IHS top five

Each week, IHS Staffers will share their top links from the week across the web.

Phil Magness:

My link is from March 2011, but I picked it because it syncs up with the book I started reading this week: Thaddeus Russell’s “Renegade History of the United States.” Russell is a left-leaning historian with some libertarian inclinations, but most of all an iconoclast who’s directly challenging some of the more annoying habits of the history profession – “consensus history,” a bias toward group analysis and against the individual, and tendency to prop up “great figures” on both the right and left. Reason interviewed him back in February.

Just for fun, Russell also wrote a blistering critique of the tenure system at The Huffington Post.

Bill Glod:

I agree with Roderick Long’s post at Bleeding Heart Libertarians that Michael Lind’s dichotomy of democracy and autocracy is crude, and false.  But sometimes critics of classical liberal views draw the false dichotomy in a different way.  For example, critics like Peter de Marneffe sometimes conflate being anti-democracy with favoring only liberties that correspond to rights to be left alone.  On this view, being a libertarian just is to hold that all political liberties should be negative claim-rights not to be interfered with by coercive authority.  Likewise, civic republicans such as Philip Pettit hold that liberty is not being dominated, i.e., arbitrarily subject to another’s will, so here they draw the dichotomy as between non-interference and non-domination.

This depiction of libertarian views is unsurprising given that many libertarians themselves endorse liberty as just being non-interference.  But I think this framework limits how we conceptualize liberty: in terms of being left alone from interference versus having an equal share of voice in a democratic decision procedure, or being left alone versus being free of arbitrary power.  I think sometimes the temptation to dichotomize possible conceptions of liberty leads us to overlook the important connection between recognizing social rules and lawful authority on the one hand, and the normative reasons we have as moral agents on the other hand.

So, what about another alternative conception that people sometimes overlook: freedom as not being subject to coercion whose rationale fails to accord with one’s reasonable normative standards (one’s values, beliefs, etc.)?  Any contender authority – democratic, civic republican, or a liberal property rights regime premised upon giving people jurisdiction to make their own decisions free of interference – must accord with a person’s reasonable normative standards or else the person subject to this authority is unfree.  Freedom is not about merely being always free of interference (if that is even possible or desirable).  Nor is freedom about being free of another’s arbitrary will – as if being subject to a _non-arbitrary_ will solves the problems that motivate us to seek a proper conception of freedom.  Rather, freedom is about not being subject to an external will at all.  It’s about self-rule.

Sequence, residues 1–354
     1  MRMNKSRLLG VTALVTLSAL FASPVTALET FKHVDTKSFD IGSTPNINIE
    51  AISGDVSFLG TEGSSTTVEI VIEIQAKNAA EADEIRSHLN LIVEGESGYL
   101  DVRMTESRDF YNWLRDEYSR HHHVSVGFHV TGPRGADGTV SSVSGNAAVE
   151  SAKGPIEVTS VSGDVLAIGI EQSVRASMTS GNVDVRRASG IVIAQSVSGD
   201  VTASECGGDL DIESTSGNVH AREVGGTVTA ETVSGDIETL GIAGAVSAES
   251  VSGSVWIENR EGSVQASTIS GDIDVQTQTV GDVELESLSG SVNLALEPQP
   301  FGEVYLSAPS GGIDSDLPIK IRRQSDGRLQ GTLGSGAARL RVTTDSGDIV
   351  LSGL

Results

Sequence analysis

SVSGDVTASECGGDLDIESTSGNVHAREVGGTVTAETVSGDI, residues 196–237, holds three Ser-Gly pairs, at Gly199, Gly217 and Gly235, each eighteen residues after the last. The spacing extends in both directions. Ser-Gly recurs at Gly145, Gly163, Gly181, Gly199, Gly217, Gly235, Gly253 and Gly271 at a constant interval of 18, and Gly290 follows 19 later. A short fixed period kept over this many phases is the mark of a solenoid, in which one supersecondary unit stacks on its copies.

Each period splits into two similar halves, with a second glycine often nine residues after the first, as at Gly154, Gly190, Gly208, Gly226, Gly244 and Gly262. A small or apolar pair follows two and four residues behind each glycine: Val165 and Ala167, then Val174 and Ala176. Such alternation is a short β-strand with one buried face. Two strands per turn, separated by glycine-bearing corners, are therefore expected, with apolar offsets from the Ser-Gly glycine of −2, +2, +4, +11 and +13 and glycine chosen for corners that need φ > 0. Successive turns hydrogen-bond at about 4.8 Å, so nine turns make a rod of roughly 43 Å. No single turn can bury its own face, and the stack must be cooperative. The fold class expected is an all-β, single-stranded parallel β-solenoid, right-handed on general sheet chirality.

Adam Martin:

Gary Becker, in a Wall Street Journal editorial, lays the blame for the last few years of economic turmoil squarely on the shoulders of government intervention. Regardless of what you think of the particulars of his argument, his point about comparing government failure to market failure is perennially important but often overlooked.

Jeanne Hoffman:

The Texas Supreme court invalidated the use of eminent domain for the purpose of building a private oil pipeline. The analysis from The Volokh Conspiracy is the best I’ve seen so far. (If you were wondering, the land seized in the infamous Kelo v. New London eminent domain case is being used as a land dump for debris from the recent hurricane.)

Aaron Gordon:

IHS staffer Isaac Morehouse wrote an article for the Mises Institute arguing that environmental protection is a consumption good. I’m intrigued by his argument, but I have come across many environmnentalists who cite studies that climate change will have the greatest effect on the world’s poor, who depend on the few crops they grow or livestock they raise each year for survival. From this perspective, if climate change led to widespread famine, it would have the gravest impact on the world’s poor, since the wealthier nations are capable of building reserves, or simply paying the higher premium for food. I wonder how Isaac would respond to such a turnabout, where the environmentalist claims the world’s poor are harmed more severely by climate change than forced regulation.

Update: Isaac responds, “Before letting claims that ‘global warming will be catastrophic’ move us to government action, we need to seriously study how government action actually works in the real world. Does it actually make things better? What costs are associated with it? This is the public choice analysis I only alluded to in my article, but I beleive a thorough assessment may lead us to conclude that, like it or not, no government action gives us a better chance of meeting potential global warming challenges than government action.” I couldn’t agree more.